Looking Out for #1: Professors, like other professionals in American society, are losing sight of their civic obligations

Donald Downs:

A troubling attitude seems prevalent today in many professional circles: confusing one’s own self-interest or viewpoint with the public interest. This problem is especially troubling in fields that have historically prided themselves on service.
Take universities and their role in training teachers. In April, the Wisconsin Association of Colleges of Teacher Education — the umbrella group representing 13 UW System campuses and prominent private colleges and universities such as Marquette, Beloit and Alverno — announced that its members would not participate in a U.S. News and World Report survey intended to assess the quality of teaching programs.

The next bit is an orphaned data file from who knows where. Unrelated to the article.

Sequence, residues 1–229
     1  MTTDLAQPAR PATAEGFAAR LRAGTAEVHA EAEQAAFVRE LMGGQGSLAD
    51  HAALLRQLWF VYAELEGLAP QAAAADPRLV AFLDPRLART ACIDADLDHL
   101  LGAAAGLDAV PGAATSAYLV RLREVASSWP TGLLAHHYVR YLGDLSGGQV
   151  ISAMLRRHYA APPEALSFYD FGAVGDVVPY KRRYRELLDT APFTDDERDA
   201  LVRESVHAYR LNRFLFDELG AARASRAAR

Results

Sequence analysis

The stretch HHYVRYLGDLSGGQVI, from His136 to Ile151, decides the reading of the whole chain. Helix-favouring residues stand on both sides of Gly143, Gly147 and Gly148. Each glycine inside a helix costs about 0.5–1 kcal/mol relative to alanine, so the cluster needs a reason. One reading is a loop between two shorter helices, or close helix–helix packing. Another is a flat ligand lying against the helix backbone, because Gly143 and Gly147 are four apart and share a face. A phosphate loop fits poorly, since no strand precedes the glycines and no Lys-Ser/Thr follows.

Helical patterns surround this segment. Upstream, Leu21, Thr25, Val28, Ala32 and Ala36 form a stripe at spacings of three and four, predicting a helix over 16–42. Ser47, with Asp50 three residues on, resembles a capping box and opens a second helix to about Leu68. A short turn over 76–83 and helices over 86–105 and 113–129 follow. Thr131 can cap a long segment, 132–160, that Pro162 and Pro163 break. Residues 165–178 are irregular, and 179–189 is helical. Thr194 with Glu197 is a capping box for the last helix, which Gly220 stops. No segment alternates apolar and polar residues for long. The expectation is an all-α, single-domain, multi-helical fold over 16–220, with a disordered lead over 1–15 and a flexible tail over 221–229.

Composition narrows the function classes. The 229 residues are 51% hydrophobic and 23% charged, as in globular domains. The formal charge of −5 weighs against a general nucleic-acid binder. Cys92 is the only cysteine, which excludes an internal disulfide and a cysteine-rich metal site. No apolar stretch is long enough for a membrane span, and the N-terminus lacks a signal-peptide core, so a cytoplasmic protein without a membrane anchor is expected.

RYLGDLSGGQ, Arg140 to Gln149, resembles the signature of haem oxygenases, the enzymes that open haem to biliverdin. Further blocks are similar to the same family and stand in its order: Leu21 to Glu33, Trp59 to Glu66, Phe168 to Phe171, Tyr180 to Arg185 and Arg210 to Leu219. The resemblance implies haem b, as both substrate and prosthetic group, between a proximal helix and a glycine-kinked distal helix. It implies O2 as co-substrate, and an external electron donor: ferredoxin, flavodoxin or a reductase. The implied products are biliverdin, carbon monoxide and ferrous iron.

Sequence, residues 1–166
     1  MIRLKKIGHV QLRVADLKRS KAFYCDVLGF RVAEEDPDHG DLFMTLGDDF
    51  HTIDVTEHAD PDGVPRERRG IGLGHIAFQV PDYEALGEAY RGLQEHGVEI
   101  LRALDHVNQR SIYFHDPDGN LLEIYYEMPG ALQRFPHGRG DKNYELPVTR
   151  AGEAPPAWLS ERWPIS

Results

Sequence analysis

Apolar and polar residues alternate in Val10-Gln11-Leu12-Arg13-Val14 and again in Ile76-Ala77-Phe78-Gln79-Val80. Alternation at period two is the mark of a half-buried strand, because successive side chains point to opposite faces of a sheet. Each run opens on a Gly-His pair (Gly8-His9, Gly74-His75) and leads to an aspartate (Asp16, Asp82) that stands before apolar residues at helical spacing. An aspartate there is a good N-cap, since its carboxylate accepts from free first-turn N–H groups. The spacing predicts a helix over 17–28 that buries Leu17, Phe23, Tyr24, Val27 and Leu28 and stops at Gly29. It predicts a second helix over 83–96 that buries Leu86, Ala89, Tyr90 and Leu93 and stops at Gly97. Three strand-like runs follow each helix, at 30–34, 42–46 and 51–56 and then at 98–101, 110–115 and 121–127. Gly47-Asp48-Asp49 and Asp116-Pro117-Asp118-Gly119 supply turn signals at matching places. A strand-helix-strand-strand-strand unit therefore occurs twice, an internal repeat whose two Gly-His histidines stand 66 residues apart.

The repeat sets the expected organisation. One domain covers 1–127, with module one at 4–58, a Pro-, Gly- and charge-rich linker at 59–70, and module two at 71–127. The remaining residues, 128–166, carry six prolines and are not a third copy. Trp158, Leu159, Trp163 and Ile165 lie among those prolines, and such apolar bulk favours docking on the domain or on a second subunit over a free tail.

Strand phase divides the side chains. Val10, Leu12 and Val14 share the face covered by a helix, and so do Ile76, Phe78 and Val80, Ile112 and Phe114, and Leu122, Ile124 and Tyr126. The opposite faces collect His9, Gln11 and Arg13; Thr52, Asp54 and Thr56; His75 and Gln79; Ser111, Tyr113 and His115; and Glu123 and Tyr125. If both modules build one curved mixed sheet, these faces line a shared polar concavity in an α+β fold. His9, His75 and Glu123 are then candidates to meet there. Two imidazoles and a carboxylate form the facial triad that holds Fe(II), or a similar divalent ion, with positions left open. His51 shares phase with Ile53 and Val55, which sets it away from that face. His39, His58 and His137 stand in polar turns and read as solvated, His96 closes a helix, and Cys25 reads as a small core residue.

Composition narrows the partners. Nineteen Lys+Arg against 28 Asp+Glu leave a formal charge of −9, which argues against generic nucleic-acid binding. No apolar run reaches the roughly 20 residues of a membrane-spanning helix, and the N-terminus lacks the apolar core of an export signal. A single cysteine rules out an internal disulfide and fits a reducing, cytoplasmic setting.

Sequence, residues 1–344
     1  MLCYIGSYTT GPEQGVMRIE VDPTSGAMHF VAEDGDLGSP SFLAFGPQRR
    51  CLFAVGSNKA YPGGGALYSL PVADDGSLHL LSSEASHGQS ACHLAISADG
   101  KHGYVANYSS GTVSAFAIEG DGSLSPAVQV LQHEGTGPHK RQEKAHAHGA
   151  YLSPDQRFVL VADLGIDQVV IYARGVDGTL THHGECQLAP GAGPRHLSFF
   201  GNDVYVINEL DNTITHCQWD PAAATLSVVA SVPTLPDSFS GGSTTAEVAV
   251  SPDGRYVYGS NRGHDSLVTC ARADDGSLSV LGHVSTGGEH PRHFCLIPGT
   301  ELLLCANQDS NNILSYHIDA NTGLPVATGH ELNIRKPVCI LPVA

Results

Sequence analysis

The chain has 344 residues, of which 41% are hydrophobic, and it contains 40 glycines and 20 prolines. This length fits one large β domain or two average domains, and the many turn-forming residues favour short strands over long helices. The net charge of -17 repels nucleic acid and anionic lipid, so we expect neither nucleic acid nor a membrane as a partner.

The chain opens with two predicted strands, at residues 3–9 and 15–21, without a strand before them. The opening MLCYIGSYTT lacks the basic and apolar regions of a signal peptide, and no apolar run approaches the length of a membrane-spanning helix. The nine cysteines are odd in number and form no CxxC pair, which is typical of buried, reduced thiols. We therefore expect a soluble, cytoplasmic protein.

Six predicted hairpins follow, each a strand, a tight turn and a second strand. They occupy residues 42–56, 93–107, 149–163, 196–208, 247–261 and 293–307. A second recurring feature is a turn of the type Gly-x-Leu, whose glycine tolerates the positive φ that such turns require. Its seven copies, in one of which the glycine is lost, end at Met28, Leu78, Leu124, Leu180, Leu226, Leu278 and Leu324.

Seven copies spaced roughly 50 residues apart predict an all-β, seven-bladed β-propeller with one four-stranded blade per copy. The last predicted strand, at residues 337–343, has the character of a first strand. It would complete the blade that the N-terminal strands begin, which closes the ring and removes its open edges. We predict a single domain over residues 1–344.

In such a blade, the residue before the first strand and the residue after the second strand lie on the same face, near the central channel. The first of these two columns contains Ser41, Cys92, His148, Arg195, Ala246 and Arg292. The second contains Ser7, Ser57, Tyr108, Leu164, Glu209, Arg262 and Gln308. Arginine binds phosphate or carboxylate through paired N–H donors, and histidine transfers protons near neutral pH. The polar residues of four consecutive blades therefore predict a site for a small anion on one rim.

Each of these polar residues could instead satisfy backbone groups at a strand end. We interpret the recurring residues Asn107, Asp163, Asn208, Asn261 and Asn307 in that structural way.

According to the Milwaukee Journal Sentinel, this survey would be the “first-ever review of the nation’s roughly 1,400 colleges of education” and a response to a 2006 report issued by Teachers College at Columbia University, which claimed that less qualified students are going into teaching.
Teacher quality is of growing importance for at least two reasons beyond the concern noted by the Columbia report. First, reports continue to show American students falling further behind those of other nations, especially in the vital subjects of math and science. Second, many education schools teach progressive pedagogical theories and methods that critics claim are not rigorous enough to prepare students to master arduous subjects.